32. Anything look strange here? It should! CS 150: Intro. to Computing

  33. CS 150: Intro. to Computing

  34. Example • Some new file-reading code added to the code that created the file profsGrades.txt CS 150: Intro. to Computing

  35. Example (cont.) Adding a simple cast to a char will fix this problem, but there are others (see next slide) CS 150: Intro. to Computing

  36. CS 150: Intro. to Computing

  37. Note the Changes… • The entirety of the input code is in the try block (including closing the stream), not just the memory allocation for the stream • There are two different classes of exceptions that are caught here: FileNotFoundException and IOException • This is how you should write your I/O code! CS 150: Intro. to Computing

  38. Running the Example Code CS 150: Intro. to Computing

  39. Augmenting Our Code • What the read documentation didn’t tell you is that the read() method returns the integer value 1 if there is no more file to read • We’ll use this to modify our code to read (and print to standard output) the entire file CS 150: Intro. to Computing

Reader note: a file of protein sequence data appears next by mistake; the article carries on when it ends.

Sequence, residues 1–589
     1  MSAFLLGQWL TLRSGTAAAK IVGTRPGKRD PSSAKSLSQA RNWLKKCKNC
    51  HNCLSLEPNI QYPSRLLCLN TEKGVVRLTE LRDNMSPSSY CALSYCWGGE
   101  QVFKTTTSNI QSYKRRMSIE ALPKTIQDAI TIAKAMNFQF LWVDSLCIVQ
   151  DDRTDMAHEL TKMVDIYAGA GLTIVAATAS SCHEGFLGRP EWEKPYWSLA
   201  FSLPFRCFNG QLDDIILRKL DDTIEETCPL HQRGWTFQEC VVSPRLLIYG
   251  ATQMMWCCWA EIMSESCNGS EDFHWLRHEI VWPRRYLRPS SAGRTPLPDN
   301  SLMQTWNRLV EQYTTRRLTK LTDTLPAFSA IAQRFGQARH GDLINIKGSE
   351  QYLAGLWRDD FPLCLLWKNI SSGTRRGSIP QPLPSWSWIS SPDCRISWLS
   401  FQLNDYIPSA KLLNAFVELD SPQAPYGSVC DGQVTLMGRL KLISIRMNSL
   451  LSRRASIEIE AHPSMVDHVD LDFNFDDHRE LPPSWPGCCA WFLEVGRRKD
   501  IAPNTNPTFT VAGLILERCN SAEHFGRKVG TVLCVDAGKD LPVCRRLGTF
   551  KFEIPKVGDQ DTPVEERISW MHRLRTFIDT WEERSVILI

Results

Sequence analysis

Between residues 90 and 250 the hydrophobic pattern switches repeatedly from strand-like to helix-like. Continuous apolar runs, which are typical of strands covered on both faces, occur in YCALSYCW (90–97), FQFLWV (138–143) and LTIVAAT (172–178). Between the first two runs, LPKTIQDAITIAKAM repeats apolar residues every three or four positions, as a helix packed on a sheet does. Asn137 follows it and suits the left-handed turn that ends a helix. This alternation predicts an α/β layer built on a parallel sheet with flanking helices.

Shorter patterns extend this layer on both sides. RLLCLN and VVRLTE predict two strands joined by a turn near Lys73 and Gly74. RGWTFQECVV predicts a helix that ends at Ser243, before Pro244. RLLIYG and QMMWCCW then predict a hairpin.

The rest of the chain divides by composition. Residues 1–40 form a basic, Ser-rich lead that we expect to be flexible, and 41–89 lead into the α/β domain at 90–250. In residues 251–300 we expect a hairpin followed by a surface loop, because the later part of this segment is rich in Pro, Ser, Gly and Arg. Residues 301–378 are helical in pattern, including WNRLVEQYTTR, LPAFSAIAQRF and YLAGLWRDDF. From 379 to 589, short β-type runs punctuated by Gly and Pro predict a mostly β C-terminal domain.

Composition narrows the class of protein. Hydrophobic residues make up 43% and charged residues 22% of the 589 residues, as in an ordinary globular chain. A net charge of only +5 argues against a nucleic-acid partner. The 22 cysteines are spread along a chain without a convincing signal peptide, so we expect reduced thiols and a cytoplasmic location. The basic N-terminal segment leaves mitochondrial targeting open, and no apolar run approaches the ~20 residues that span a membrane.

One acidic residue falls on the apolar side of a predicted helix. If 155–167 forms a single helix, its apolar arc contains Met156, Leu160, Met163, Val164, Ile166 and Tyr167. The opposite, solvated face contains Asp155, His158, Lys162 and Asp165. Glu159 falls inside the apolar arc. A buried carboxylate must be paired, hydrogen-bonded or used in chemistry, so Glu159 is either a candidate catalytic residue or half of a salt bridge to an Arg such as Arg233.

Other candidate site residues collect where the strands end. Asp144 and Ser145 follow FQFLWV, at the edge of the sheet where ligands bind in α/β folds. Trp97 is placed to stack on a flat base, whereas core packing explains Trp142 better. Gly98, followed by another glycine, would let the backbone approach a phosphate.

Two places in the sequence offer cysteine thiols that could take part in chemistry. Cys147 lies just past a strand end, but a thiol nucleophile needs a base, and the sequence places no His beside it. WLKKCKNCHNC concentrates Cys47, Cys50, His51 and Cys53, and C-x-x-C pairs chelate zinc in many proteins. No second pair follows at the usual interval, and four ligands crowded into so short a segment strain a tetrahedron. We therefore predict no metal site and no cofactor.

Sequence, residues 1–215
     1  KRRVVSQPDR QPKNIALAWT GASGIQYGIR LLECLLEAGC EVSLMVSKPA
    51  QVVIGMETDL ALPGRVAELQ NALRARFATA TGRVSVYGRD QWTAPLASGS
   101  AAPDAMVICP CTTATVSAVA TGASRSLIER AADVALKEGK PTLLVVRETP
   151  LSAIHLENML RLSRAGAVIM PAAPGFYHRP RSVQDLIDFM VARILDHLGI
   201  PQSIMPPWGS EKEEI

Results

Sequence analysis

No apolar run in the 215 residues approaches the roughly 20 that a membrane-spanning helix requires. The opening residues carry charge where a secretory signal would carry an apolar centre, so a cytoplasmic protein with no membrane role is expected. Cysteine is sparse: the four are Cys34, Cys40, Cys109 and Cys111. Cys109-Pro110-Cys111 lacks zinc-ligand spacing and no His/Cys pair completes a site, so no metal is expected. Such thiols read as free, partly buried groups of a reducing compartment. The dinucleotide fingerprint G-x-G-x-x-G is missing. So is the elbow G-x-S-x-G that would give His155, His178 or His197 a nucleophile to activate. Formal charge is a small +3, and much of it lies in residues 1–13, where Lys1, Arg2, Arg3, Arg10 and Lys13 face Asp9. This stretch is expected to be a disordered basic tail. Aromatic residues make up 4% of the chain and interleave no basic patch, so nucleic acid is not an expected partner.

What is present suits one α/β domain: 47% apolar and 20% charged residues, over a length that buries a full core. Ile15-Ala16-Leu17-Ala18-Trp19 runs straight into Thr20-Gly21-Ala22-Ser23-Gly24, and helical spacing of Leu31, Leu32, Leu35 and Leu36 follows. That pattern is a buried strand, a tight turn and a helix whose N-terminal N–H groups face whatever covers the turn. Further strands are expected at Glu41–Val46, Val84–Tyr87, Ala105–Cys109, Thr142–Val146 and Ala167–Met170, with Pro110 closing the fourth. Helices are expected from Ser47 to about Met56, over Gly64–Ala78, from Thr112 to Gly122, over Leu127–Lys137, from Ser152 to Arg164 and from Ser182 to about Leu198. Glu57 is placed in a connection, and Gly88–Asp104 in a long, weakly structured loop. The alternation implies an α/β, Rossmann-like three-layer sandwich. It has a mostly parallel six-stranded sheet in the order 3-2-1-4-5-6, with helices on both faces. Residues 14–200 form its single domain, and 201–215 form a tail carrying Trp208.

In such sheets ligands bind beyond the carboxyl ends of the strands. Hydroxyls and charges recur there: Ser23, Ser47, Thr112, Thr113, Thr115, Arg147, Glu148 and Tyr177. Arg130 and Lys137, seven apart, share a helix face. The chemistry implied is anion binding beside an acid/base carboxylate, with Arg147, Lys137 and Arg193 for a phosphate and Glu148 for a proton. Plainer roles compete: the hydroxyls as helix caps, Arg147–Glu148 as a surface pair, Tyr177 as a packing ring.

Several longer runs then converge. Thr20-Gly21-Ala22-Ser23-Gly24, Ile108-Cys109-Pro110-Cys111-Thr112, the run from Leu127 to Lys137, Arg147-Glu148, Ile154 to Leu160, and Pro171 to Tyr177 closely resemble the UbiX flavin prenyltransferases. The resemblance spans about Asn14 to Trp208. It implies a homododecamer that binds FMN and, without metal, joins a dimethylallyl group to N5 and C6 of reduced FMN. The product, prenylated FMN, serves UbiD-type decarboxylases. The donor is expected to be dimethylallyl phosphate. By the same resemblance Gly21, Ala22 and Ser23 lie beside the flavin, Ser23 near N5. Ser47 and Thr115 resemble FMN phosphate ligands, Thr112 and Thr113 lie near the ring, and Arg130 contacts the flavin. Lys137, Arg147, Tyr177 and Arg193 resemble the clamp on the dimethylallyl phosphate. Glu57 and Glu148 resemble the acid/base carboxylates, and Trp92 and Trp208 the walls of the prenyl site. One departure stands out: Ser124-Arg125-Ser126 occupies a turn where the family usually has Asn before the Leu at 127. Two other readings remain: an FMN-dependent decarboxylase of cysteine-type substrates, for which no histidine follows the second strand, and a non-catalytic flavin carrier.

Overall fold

40. NOTE! (see next slide) CS 150: Intro. to Computing

  41. Notes From Last Slide • myChar is declared an int, since we’ll need to check an integer value to see if we’re at the end of the file • We use an infinite loop to keep iterating until we’ve read the entire file • We call the read() method within the conditional for the if statement. Regardless of whether the condition is true, the call to read() occurs (this is a standard hack for this kind of code) CS 150: Intro. to Computing

  42. More Notes… • We use the print() method as opposed to the println() method – when a newline character is encountered, this will cause a new line in the output • We perform the cast to char inside the System.out.print () statement CS 150: Intro. to Computing

  43. There Are Easier Ways • Use another version of the read() method to read characters into a char array • Use the readline() method, which reads a whole line at a time into a String CS 150: Intro. to Computing

  44. CS 150: Intro. to Computing

  45. More read() Documentation CS 150: Intro. to Computing

  46. Often the Best Way… CS 150: Intro. to Computing

  47. A problem CS 150: Intro. to Computing

  48. The Problem • The readLine() method returns the value null if it reaches the end of file. When this happens, the variable currentLine is assigned the value null, which causes a NullPointerException when we try to call its equals() method in the if statement. See the fix on either of the next two slides (the first is the recommended fix) CS 150: Intro. to Computing

  49. A fix CS 150: Intro. to Computing

  50. Another fix CS 150: Intro. to Computing